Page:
Katherine Walton, School Programmes and Partnerships Manager at Restless Development meets with a young triathlete to see how she’s been coping and making change in lockdown.
Youth Power to me means young people being brave and doing something good that they believe in.“
I don’t think I’m alone when I say that there’ve been times during this pandemic that it’s been too much. Anxiety about family members and friends, feeling isolated, or feeling helpless at the state of the world. It’s sometimes difficult to find those bright lights in times of darkness – which is why it was an absolute pleasure to be part of the International Youth Day celebrations and interview Georgia! Her incredible resilience in the face of uncertainty is so inspiring. Being confronted with unprecedented challenges and rising to them, supporting the people around her and working with others to achieve something wonderful. I’m proud to share Georgia’s story with you and I hope it’s a light in dark times.
Georgia is 10 years old, in year 5 at Pinewood School in Wiltshire. After COVID-19 forced UK schools to close, millions of young pupils were sent home and into lockdown. Georgia told me about some of the things she found difficult, as well as the things that helped her get through it.
“It has been a weird and scary time because of coronavirus, and I’ve really missed my friends. We had to do virtual homeschooling during the week. I think we all worked hard at that, and it was good to see each other in the live lessons.”
“We also found new ways to keep in touch with Zoom, and WhatsApp video calls. This was a good thing, because we were really feeling lonely and sad. It’s better now that we can see friends again, but sad we can’t hug.”
“Also my mum is deaf and has a respiratory condition. I had to stay home more, and now if we go to a shop I have to help her hear what people are saying because of masks she can’t lip read.”
Her family are all avid cyclists, and have enjoyed going for lockdown cycle rides together! Georgia has often taken part in the under 10 cyclocross and other sporting events.
I’ve missed school and all my friends a lot this year, but I’ve been doing lots of cycling which is my favourite thing to do.”
Georgia was also signed up to take part in the Flight Centre Schools Triathlon, the largest sport charity event for young people in the UK. This is how I met Georgia, as I help organise these events. This year we had 4,300 pupils aged 7-13 expected to take part across 5 events, raising money for Restless Development and local charities.
Like many mass-participation events, the Schools Triathlon Series was cancelled. As part of the International Youth Day celebrations, we launched #TriThisAtHome – a virtual summer challenge with the aim to travel 40,075km around the world by the end of August. And Georgia was really quick to jump on board.
“I chose to do the #TriThisAtHome challenge because I was going to be doing the Marlborough College Flight Centre Schools Triathlon in May with a team of my school friends, but it was cancelled because of coronavirus. I didn’t want to let the charity down. I like fundraising, I think it’s important to help and the challenges look fun!”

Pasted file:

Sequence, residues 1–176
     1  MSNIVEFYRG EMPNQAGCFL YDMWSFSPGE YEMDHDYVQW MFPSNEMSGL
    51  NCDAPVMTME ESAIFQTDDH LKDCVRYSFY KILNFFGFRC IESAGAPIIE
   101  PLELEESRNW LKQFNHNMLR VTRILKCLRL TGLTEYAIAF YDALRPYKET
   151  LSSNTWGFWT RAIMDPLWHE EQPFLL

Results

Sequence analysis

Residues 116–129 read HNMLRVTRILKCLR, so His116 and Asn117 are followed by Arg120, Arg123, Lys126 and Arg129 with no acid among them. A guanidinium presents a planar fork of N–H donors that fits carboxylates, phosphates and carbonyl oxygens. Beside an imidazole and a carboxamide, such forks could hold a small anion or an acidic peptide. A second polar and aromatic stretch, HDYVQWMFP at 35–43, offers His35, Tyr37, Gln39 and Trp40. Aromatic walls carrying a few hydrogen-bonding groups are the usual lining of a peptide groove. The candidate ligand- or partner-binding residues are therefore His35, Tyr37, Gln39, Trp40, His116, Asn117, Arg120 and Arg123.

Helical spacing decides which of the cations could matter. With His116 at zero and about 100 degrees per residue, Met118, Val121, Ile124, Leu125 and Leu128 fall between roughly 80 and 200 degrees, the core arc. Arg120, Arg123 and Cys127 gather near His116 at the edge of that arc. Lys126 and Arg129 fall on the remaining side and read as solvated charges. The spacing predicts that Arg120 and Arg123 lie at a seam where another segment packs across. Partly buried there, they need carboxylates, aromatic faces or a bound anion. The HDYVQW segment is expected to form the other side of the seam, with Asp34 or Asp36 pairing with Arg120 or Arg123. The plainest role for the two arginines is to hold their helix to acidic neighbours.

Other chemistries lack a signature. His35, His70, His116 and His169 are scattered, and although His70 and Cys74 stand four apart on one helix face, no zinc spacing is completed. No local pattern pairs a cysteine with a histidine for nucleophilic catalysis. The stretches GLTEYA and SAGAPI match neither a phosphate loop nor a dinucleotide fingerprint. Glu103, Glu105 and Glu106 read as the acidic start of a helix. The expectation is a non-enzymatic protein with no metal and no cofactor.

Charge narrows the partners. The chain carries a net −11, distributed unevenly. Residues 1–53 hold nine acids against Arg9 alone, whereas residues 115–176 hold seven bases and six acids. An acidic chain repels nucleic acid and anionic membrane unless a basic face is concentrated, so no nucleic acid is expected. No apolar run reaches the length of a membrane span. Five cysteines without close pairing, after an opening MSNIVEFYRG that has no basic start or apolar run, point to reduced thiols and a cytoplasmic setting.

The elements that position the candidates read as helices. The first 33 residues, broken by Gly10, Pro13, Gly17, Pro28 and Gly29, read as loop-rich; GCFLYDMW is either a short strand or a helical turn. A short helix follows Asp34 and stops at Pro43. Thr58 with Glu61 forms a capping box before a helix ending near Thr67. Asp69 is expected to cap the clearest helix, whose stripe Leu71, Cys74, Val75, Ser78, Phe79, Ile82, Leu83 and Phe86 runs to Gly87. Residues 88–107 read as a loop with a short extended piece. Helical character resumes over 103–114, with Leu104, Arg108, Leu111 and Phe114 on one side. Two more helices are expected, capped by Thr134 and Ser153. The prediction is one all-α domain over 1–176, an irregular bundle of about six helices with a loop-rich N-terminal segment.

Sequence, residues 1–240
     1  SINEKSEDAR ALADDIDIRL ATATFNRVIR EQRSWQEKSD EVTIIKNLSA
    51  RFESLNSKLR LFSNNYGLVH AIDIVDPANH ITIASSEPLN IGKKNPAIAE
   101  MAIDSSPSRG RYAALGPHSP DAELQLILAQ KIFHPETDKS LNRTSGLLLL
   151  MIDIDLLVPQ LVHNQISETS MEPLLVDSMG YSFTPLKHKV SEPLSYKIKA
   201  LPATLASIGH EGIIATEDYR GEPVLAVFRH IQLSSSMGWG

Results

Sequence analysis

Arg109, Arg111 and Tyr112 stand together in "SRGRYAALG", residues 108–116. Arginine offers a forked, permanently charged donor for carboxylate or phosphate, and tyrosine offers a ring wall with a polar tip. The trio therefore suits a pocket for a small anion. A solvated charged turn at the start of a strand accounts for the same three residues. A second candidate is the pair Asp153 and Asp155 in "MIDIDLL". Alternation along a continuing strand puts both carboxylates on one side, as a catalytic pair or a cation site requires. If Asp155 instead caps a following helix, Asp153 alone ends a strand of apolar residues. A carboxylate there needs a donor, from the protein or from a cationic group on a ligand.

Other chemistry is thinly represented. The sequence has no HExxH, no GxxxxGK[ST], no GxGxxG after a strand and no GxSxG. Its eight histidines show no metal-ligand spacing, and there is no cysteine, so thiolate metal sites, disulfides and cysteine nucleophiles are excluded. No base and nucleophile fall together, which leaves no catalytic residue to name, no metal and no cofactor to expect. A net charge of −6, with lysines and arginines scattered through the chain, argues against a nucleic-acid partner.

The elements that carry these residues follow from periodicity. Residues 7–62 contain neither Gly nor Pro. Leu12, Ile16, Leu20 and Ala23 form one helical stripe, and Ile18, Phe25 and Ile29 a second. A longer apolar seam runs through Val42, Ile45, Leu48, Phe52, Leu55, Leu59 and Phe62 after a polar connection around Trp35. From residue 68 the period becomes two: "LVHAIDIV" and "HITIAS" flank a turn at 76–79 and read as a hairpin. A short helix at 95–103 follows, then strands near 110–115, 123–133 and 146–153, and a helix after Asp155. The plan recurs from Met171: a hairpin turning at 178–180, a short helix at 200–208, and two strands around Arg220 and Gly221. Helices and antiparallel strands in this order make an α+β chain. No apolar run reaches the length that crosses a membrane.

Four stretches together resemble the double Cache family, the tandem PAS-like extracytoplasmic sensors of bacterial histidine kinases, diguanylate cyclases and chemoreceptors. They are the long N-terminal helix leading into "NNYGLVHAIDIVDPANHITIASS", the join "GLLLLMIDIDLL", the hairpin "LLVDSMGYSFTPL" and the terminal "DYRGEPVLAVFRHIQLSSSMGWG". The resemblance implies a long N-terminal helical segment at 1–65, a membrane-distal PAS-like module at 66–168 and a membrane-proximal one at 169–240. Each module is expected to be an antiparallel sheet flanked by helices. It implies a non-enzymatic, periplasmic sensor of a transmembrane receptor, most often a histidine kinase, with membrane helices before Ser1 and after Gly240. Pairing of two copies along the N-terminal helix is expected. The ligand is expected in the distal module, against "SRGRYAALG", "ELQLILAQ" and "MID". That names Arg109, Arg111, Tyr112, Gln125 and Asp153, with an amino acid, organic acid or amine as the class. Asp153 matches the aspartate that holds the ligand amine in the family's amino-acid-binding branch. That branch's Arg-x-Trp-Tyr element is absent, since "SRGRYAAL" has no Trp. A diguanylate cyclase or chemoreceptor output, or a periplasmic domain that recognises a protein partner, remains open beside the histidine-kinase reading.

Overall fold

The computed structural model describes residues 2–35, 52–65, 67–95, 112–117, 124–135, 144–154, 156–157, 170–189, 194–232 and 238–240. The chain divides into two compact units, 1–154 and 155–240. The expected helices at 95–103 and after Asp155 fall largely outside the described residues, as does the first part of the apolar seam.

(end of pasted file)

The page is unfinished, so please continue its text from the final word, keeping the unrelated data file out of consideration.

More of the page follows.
Hundreds of participants have committed to running, walking or cycling one of the 6 famous landmark challenges: 3km Golden Gate Bridge, 5km Sydney Harbour, 10km Great Pyramids, 35km English Channel, 55km Niagara Falls and the showstopper 130km Mount Everest! Tracking their kilometres, learning fun facts and receiving rewards on the #TriThisAtHome app.
But for Georgia, one challenge just wasn’t enough, and she signed up to complete all 6 #TriThisAtHome landmark challenges (238km!!) by the end of August.
“I’ve completed the first 4 challenges so far, some with extra kilometres! I’m planning on doing the Niagara Falls challenge next and then the Mount Everest challenge, which I may split into two stages. I ran the Golden Gate Bridge challenge, that was tough! I haven’t run properly since my school closed in March. I’m much happier cycling the challenges. I liked the Pyramid challenge best so far, it was a really fun route.”
Georgia has raised £135 on her JustGiving page to raise money for Restless Development.
“I’ve read some of the stories of young people that have been helped by Restless Development to have the skills and confidence they need to help their communities. I think that’s a good thing, and that girls are given the same chances as boys.”
Restless Development is all about young people’s voices and youth leadership. But for me that means more than just creating space at the table for young people – it’s giving them the microphone, letting them speak and insisting they’re taken seriously. Training, mentoring, nurturing and connecting thousands of young people to lead change for a just and sustainable world.
When asked what was the one thing that she wanted to change in the world, Georgia replied:
“I would really like to see fewer cars on the road and a lot more people cycling, that was a great thing to see in lockdown, everyone was friendly and we made friends with people we passed regularly. There was a lot more wildlife about and the air was much better/cleaner.“
International Youth Day is always a great time to reflect on how the world is supporting young people. There are undoubtedly a whole host of unprecedented challenges faced by young people today – climate change, rise in unemployment, discrimination, disrupted access to, or lack of education to name just a few. It’s easy to feel incredibly overwhelmed and lost but young people like Georgia remind me that young people also have power. Young people are resilient and brave, able to persevere and rise to the challenges we face, building communities that support one another to make our world more just and sustainable.